What a year! After a winter filled with delight in trail running, building up to a glorious rainy-day trail race and running with participants from my Feldenkrais for runners class, I made the classic running mistake of increasing mileage too fast. Persistent foot pain inspired a deep-dive into understanding running form and foot anatomy, followed by a trip to the doctor for an x-ray, and diagnosis of a stress fracture in my heel bone. After spending the summer in a walking boot, I restarted dancing and skating, hobbies I'd neglected during my year of falling in love with running. Over Thanksgiving weekend, I began exploring transferring my inline skills to ice and set my sights on trying synchronized skating. Life felt like it was beginning to get back to "normal" and I was delighting in feeling my skills improve.

Then, while getting dressed and contemplating what to wear for ice skating, a vase jumped off my dresser, shattered my big toe, and changed those plans!

These have been my first broken bones, and I've never had to cope with an immobilized body part before. With foot 1 in a boot, I could still walk. I thought that was bad. With foot 2, I can't bear weight until mid-January at the earliest. And crutches take away the hands, as well as the feet, setting up some new challenges.

When we use the Feldenkrais Method to help people, the core principles that guide our work apply to emotions, as well as to physical challenges. With two similar injuries this year, I'm being more conscious of using these principles this time, which is helping keep anxiety and depression at bay. I'll let you know once the boot is off, but I'm expecting it to be a faster recovery from immobilization. Here are some of the principles:

The vase that changed my plans

  • Flexible goals: "Embrace all the unexpected steps, mis-steps, and re-routes. They are a rich source of valuable information for your brain to lead you to your goal." Anat Baniel, founder Anat Baniel Method
    If my goal is synchronized skating, and I can't stand or skate or dance, I need to find different ways to keep moving and building my self-organization and balance. I'm using this in two ways:

    • Immersing myself in new Feldenkrais lessons each day gives me a chance to imagine using my foot and toes, improve my breathing, balance and coordination, and most importantly reset my mood into calmness as my body lets go of unnecessary tension. This has also led me to put together some new workshops that I'm excited to share with you.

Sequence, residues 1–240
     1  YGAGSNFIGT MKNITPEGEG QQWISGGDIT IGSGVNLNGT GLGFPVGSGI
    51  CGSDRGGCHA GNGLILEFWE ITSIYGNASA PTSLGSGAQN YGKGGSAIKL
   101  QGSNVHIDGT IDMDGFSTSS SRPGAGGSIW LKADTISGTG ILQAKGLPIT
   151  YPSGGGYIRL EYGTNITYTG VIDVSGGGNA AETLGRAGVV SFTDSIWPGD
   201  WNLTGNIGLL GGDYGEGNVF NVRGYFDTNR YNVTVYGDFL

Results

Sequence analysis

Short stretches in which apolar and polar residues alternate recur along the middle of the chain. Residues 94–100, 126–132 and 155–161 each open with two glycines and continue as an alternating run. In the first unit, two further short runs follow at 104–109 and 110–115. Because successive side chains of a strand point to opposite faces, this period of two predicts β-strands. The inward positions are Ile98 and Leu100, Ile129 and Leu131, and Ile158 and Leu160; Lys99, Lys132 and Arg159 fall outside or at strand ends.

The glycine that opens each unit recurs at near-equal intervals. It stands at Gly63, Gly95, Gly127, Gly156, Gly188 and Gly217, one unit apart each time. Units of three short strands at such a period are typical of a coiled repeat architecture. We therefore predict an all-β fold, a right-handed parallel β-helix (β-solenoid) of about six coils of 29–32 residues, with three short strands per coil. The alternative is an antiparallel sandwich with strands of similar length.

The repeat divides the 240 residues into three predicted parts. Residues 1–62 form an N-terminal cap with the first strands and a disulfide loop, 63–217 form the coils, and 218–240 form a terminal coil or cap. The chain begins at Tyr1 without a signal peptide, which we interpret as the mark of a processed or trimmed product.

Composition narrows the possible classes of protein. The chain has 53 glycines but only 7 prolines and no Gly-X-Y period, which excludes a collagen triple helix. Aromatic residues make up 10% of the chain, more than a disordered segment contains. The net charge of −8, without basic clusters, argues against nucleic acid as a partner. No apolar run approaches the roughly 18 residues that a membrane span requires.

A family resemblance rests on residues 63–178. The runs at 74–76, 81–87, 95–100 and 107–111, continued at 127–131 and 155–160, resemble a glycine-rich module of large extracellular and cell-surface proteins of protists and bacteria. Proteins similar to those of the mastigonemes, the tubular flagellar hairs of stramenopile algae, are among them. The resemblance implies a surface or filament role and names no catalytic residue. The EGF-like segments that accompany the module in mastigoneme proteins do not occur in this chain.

• Finding ways to dance that I can do: Nia which encourages me to dance however I can: on the floor, in a chair, or on my scooter, and great dance workshops where I sit on the side, imagine dancing, and study how excellent teachers teach, and students learn.

  • "If you know what you're doing, you can do what you want."  Moshe Feldenkrais, DSc.
    I've thought about writing a blog for years, but this is the first time I've actually written a post. Writing it down makes me observe myself. There's a clear pattern to how I react to injury: denial, rage, depression, followed by "Ok, this is real, what can I do to stay sane, and what's the learning." Seeing this pattern opens the possibility that other responses are possible in any given moment. I have a choice in how I respond.

  • "How do you find support from the ground?" Jeff Haller, PhD, Feldenkrais Trainer
    On the physical side, learning how to find support from crutches, and improving my one-foot balance has helped me master getting around without touching one foot down. (Try getting up from the floor or even the toilet without letting any part of one foot touch the ground - not so easy!) On the emotional side, one of the first things I did was to hire someone to help me get done the things I can't do without use of my hands, and to say yes to offers of support from friends and family.

  • Constrict one part of the body to encourage other parts to participate in the movement.
    Even though it is an involuntary constriction, thinking about this principle shifts me from frustration to curiosity, a much happier place to be. And the constrictions on activities have given more time to other parts of life, like visiting with friends and family, returning to activities I can still do, and giving me more time for studying.

  • "Use variation to discover new possibilities." Anat Baniel, founder Anat Baniel Method
    I'm using a variety of assistive devices to get around, each of which is useful and uncomfortable in its own way. By alternating, I've expanded what I can do: crutches are great for stairs and curbs, the knee scooter is handy around the house and for errands, and the peg-leg crutch is good for dancing and pushing a grocery cart. The variation helps avoid the sore wrists and shoulders from crutches, knee pain from the knee scooter, and the occasional moments of terror when using the peg-leg crutch.

My husband used to end his email signature with the words "Accidental techie". This year I'm the "accidental recoverer". I think we're all always recovering from some shock to our nervous system or body, and I'm grateful that my profession provides such useful tools.

"What Iím after isnít flexible bodies, but flexible brains.
What Iím after is to restore each person to their human dignity

Moshe Feldenkrais, DSc.



15650 NE 24th, Suite C3, Bellevue (Just south of Microsoft main campus)

                 425-641-4779     info@movebeyondlimits.com